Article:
The Importance of Finding Purpose

The idea of ‘finding your purpose’ can be all sorts of scary. Call me a cynic, but the idea has been appropriated by all manner of gurus, counsellors, and coaches who don’t have entirely noble intentions. It is not uncommon to see ads proclaiming to help you find your purpose (at a cost) and achieve a lifetime of happiness.

It sounds cliched, I know this, but I have found that a sense of purpose can only come from within. While I acknowledge that it is not as black and white as this, as different people have different struggles, ultimately, it is as black and white as this.

It just requires honesty, and perhaps a little bravery.

I want to be clear also that purpose and passion are two entirely different things. Again, the idea of ‘finding your passion’ has been appropriated for marketing value and has come to be a meaningless statement. We’ve been sold this idea, but at best it may be something temporary, at worst it is a flakey premise with little or no substance. But purpose is something else entirely.

As soon as I let go of the anxiety around  ‘finding my life purpose’ (as if it was a singular golden ticket to a happy life) and sat with the idea of peaks and troughs, my life became much more purposeful and deeply satiating on many different levels.

For some, their purpose maybe getting up each day to tend to their children – creating and nurturing family life, for others it may be to create art, or for others, go to their place of work and do a day of honest graft. Different things appeal to different people. But finding your purpose, to me, is about feeling like you are home when you are doing what ever it is.

I’ve accepted that purpose is fluid; just like people. It seems crazy to me that you discover something and expect that one thing to fulfil you forever more. Growth comes through continuing to explore multiple purposes in life.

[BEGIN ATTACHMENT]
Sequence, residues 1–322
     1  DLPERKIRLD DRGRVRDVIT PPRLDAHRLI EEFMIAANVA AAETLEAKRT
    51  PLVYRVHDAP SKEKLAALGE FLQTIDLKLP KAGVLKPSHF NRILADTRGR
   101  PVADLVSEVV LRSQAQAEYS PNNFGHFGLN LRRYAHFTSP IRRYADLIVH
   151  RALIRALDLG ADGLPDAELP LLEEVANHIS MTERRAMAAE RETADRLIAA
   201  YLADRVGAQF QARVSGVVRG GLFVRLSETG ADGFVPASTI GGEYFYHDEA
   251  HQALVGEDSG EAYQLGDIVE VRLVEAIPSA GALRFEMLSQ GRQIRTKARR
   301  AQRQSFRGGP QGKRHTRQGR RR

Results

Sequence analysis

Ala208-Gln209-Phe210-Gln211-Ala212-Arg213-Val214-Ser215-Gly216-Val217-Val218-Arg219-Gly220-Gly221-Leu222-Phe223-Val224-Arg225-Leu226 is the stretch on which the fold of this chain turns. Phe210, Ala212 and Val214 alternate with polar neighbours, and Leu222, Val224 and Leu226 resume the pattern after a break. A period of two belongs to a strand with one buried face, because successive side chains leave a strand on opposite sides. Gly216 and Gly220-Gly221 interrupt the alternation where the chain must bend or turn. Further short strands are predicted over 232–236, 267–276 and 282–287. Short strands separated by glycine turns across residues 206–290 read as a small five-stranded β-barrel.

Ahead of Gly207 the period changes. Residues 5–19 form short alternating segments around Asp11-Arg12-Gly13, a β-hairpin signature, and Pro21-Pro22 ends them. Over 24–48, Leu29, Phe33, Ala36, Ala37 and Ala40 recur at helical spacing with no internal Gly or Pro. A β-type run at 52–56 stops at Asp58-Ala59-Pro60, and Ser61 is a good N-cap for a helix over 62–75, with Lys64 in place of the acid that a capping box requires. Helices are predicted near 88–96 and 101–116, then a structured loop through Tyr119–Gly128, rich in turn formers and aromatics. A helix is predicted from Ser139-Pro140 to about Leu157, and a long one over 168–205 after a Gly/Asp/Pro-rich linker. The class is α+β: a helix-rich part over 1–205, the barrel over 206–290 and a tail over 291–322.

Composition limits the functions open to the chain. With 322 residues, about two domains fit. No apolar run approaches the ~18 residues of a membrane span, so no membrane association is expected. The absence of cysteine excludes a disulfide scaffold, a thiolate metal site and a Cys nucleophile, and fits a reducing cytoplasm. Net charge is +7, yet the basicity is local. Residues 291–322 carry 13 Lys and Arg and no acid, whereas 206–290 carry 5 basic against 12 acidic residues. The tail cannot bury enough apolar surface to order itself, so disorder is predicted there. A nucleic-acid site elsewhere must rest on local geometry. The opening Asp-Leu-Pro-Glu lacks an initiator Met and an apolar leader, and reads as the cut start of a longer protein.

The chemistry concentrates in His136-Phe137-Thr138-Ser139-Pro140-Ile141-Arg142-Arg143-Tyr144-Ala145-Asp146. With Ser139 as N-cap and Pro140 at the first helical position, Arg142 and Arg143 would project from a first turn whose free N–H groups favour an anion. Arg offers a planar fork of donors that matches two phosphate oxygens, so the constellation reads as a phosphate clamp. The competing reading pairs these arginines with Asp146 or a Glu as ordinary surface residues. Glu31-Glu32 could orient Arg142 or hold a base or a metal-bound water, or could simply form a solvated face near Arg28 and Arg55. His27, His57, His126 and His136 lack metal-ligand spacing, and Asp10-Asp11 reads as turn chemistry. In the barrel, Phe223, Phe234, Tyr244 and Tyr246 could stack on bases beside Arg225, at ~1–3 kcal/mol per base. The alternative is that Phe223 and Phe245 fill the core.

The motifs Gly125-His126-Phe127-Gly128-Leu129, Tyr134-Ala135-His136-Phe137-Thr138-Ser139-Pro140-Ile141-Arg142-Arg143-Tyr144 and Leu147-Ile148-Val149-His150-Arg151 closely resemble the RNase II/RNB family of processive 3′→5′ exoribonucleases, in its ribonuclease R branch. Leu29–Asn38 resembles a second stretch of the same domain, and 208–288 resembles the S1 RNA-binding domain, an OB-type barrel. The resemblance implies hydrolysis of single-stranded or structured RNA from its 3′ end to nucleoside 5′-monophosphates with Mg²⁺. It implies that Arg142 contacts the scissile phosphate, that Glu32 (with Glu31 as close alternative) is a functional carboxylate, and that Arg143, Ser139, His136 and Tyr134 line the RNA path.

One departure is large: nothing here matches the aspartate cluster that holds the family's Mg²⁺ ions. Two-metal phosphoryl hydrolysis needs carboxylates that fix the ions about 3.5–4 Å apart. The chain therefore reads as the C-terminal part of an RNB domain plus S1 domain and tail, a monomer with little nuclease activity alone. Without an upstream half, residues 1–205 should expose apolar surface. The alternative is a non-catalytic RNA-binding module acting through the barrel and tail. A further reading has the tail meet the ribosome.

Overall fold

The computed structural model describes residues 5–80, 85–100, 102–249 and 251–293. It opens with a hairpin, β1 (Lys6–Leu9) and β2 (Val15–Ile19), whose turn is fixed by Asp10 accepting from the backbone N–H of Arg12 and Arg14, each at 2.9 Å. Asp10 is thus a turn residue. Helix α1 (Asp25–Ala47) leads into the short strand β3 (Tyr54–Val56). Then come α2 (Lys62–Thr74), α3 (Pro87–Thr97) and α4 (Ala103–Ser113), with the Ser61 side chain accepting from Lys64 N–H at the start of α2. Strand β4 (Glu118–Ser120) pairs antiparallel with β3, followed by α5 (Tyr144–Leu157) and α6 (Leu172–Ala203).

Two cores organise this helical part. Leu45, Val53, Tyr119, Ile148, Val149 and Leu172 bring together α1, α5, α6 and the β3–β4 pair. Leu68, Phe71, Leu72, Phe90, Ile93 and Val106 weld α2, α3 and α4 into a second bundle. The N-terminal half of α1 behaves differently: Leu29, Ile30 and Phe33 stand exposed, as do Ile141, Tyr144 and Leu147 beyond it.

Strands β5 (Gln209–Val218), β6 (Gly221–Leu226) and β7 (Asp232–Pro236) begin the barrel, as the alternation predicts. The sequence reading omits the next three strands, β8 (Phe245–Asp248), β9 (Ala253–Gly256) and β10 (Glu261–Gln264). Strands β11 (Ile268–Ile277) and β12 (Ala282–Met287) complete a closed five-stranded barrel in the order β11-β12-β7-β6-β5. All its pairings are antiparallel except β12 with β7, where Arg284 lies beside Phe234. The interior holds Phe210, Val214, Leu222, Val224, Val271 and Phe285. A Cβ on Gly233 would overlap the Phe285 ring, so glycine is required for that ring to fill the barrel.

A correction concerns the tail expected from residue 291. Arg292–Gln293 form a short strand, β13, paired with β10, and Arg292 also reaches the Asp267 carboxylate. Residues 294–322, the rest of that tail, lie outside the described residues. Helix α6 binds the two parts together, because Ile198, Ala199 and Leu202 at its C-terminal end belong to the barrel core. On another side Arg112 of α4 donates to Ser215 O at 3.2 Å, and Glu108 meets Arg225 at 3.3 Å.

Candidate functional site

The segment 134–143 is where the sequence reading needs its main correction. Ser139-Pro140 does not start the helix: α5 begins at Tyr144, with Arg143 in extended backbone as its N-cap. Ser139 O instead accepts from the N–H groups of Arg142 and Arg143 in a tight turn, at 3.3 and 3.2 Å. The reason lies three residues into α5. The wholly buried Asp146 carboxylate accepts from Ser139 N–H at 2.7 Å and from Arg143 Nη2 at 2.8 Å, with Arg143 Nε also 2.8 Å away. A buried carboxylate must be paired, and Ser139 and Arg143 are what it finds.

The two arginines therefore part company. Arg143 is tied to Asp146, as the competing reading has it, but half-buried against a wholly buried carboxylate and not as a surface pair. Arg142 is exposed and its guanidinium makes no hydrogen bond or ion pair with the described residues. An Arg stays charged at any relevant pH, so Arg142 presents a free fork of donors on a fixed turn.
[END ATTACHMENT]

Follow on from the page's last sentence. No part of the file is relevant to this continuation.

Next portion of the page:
I’m grateful that I’ve never got caught up in the idea of status. I don’t care what car I drive, as long as it’s safe, I don’t care that I don’t live in a castle; I only want my home to be a haven. I’m not fussed about fancy clothes – I want to feel good and comfortable. I don’t care that I am not changing the world or saving the world from itself.

I’ve found purpose in doing enough paid work to help pay the bills, but not so much that my children never see me. I’ve found purpose in temporary projects, like the #100dayproject (which I’ve written about here), I’ve found purpose in planning our next family adventure to Vietnam, I’ve found purpose in baking a simple treat for my family.

I guess what I’m getting at is that purpose is fluid, and it can be whatever brings you joy, motivation, contentedness. Yearning is natural, that cliche “the grass is always greener”, it’s a cliche for a reason – because of the truth in it. I yearn for many things – sometimes those yearnings are in conflict and soon dissipate, other yearnings are more consistent, and longer lasting. When I follow these up it helps bring me my sense of purpose.

In paying attention to what brings me this sense of purpose, I’ve also established what I don’t want from life. I don’t want to be harried and rushed and hassled, because it leaves me irritable and grumpy. I don’t want to be anyone’s slave or a slave to any one thing. There’s no satisfaction in being a martyr. I don’t want to accumulate much of anything – not money, not clothes, not modern gadgets.

Filtering in both directions – looking at what you don’t want, and then seeing what nourishes you, is a great exercise. Essentially it is about being mindful (that ole buzzword!), and tuning in to yourself – often we have found our purpose already, but just haven’t taken the time to notice.